[Ganesh, a Trinidad Indian, wants to be a pundit or mystic and is being advised by his friends on how to get customers]
‘Ganesh. Me and Suruj Poopa been thinking a lot about you. We thinking that you must stop wearing trousers and a shirt.’
‘It don’t suit a mystic,’ Beharry said.
‘You must wear proper dhoti and koortah. I was talking only last night to Leela about it when she come here to buy cooking-oil. She think is a good idea too.’
Ganesh’s annoyance began to melt. ‘Yes, is a idea. You feel it go bring me luck?’
‘Is what Suruj Mooma say.’
Next morning Ganesh involved his legs in a dhoti and called Leela to help him tie the turban.
‘Is a nice one,’ she said.
‘One of my father old ones. Make me feel funny wearing it.’
‘Something telling me it go bring you luck.’
‘You really think so?’ Ganesh cried, and almost kissed her.
She pulled away. ‘Look what you doing, man.’
Then Ganesh, a strange and striking figure in white, went to the shop.
‘You look like a real maharaj,’ Suruj Mooma said.
‘Yes he look nice,’ said Beharry. ‘It make me wonder why more Indians don’t keep on wearing their own dress.’
Suruj Mooma warned, ‘You better not start, you hear. Your legs thin enough already and they look funny even in trousers.’
‘It looks good, eh?’ Ganesh smiled.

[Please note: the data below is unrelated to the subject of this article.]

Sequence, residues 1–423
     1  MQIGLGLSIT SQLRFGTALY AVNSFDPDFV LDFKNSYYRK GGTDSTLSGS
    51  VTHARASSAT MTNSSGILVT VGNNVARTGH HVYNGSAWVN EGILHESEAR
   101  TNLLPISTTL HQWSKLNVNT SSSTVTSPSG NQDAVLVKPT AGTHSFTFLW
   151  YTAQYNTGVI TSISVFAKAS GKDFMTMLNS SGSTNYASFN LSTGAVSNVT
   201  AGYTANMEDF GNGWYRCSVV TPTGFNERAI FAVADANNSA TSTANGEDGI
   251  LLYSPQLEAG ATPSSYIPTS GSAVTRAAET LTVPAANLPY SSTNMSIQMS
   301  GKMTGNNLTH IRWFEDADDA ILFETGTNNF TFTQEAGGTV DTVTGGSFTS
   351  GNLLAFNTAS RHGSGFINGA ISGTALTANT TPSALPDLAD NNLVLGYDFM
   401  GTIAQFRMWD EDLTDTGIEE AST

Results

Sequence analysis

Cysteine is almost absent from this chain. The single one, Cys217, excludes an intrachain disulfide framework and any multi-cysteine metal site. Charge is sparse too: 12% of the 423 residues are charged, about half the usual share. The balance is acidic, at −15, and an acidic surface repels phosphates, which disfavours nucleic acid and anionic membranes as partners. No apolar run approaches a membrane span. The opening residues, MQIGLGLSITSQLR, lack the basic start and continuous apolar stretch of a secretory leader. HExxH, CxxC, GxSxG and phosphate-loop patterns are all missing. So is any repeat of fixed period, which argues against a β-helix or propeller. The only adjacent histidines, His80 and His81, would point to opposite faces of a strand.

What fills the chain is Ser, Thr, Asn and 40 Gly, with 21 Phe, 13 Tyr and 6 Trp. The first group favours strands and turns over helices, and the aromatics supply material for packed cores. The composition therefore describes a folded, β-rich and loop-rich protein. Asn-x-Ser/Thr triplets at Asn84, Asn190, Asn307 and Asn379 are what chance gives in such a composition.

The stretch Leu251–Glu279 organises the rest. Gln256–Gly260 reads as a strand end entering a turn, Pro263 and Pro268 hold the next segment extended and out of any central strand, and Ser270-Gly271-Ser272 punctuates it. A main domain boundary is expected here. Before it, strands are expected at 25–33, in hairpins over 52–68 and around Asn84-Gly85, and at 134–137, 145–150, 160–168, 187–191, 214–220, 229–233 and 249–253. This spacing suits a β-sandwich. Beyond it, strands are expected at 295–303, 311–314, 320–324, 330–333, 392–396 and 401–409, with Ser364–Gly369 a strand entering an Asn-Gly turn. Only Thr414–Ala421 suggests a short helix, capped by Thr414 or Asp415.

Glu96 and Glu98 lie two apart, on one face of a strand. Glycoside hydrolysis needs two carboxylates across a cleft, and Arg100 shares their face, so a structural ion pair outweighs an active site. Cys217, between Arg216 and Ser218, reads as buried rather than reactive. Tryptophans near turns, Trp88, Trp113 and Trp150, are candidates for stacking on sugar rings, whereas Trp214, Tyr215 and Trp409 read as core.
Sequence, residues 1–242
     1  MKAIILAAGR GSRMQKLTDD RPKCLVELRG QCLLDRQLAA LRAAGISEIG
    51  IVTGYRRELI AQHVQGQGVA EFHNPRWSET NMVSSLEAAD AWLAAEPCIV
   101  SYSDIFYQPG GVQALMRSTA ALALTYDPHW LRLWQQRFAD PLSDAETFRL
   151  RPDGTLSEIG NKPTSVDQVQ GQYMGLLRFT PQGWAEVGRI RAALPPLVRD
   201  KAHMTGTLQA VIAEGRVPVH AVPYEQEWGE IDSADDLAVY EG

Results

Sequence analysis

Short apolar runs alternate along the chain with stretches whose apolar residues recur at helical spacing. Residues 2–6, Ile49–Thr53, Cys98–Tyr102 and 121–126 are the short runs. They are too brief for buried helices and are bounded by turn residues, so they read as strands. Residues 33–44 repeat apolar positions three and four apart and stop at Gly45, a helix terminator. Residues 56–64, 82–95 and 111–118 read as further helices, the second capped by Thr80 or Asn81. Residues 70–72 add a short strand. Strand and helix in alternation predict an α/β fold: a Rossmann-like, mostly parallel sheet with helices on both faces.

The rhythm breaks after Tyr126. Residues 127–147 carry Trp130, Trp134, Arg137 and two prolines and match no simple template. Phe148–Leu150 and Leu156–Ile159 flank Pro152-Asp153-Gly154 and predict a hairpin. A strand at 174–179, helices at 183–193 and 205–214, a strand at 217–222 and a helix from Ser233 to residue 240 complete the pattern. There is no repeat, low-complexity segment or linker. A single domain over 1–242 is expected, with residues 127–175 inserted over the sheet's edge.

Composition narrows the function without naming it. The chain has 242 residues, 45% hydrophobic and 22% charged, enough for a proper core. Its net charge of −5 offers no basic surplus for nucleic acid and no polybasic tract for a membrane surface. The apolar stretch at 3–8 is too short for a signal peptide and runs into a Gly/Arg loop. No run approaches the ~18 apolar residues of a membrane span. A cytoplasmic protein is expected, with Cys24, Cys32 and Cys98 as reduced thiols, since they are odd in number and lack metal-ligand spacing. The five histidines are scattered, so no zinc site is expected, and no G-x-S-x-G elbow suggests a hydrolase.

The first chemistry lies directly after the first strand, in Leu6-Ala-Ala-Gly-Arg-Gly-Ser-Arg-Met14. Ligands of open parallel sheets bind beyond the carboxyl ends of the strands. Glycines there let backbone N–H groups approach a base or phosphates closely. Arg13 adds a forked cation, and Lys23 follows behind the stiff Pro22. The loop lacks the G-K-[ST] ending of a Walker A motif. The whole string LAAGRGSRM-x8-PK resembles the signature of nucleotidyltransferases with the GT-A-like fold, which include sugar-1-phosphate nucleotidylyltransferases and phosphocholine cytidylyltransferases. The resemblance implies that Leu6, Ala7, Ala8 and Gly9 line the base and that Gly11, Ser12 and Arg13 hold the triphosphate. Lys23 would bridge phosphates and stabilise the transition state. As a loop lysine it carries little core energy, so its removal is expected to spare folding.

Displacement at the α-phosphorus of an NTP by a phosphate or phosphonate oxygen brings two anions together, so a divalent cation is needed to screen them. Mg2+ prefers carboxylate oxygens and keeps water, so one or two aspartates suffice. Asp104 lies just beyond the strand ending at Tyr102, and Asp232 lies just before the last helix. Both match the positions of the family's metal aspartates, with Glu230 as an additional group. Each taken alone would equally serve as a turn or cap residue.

Beharry said, ‘nobody would believe now that you did go to the Christian college in Port of Spain. Man, you look like a pukka Brahmin.’
‘Well, I have a feeling. I feel my luck change as from today.’
observations: The Mystic Masseur was VS Naipaul’s first published book: nearly 60 years later he is weighed down with awards and titles and accomplishments – including a Nobel Prize - and recently appeared at the Jaipur literary festival. I think if you knew him only by reputation you would expect him to be an intimidating, difficult writer. Some of his work is complex, but always worth the effort: The Enigma of Arrival (1987) is wonderful, but close to indescribable – it’s hard even to say what kind of book it is.
So it is nice to go to this one, which is a hoot, very funny and readable and entertaining. The book tracks the progress of Ganesh, who wants to be important, and wants to be cultured, and wants to be an intellectual. It’s a long path, but he eventually does become someone. He is set on the way when he eventually finds success as a mystic masseur – a kind of faith healer.
I’m sure there are many areas where the book is a satire on life in Trinidad, and perhaps there are recognizable figures in it, none of which I could comment on. But even for the most overseas reader, it would seem to be a very convincing portrait of life on the island at the time. The dialogue, like that above, is amazing: it sounds so authentic, the rhythm is wonderful, but it has total clarity, there is never any problem understanding it.
The question of whether to wear traditional Indian dress (saris for women) or more Western dress comes up frequently throughout the book. The dhoti is a leg covering, the koorta a long loose shirt.
The picture is of an Indian man in Trinidad, and comes from the Southern Methodist University collection.